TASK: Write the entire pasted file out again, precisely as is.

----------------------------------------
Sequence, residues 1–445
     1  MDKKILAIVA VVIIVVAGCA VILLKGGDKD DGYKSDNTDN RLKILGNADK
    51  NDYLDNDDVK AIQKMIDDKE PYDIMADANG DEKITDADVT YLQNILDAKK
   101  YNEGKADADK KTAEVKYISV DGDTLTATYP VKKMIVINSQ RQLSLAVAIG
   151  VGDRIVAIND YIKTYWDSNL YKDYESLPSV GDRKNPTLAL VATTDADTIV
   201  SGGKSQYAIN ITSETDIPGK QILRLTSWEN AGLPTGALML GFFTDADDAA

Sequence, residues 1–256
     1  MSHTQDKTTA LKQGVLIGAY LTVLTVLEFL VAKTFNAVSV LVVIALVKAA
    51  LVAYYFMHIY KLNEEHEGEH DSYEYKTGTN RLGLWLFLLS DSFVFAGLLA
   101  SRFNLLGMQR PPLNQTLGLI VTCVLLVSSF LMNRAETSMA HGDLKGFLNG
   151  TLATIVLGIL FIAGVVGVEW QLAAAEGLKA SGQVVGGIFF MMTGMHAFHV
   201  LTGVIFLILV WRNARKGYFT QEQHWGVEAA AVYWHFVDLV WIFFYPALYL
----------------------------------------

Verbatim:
Sequence, residues 1–445
     1  MDKKILAIVA VVIIVVAGCA VILLKGGDKD DGYKSDNTDN RLKILGNADK
    51  NDYLDNDDVK AIQKMIDDKE PYDIMADANG DEKITDADVT YLQNILDAKK
   101  YNEGKADADK KTAEVKYISV DGDTLTATYP VKKMIVINSQ RQLSLAVAIG
   151  VGDRIVAIND YIKTYWDSNL YKDYESLPSV GDRKNPTLAL VATTDADTIV
   201  SGGKSQYAIN ITSETDIPGK QILRLTSWEN AGLPTGALML GFFTDADDAA

Sequence, residues 1–256
     1  MSHTQDKTTA LKQGVLIGAY LTVLTVLEFL VAKTFNAVSV LVVIALVKAA
    51  LVAYYFMHIY KLNEEHEGEH DSYEYKTGTN RLGLWLFLLS DSFVFAGLLA
   101  SRFNLLGMQR PPLNQTLGLI VTCVLLVSSF LMNRAETSMA HGDLKGFLNG
   151  TLATIVLGIL FIAGVVGVEW QLAAAEGLKA SGQVVGGIFF MMTGMHAFHV
   201  LTGVIFLILV WRNARKGYFT QEQHWGVEAA AVYWHFVDLV WIFFYPALYL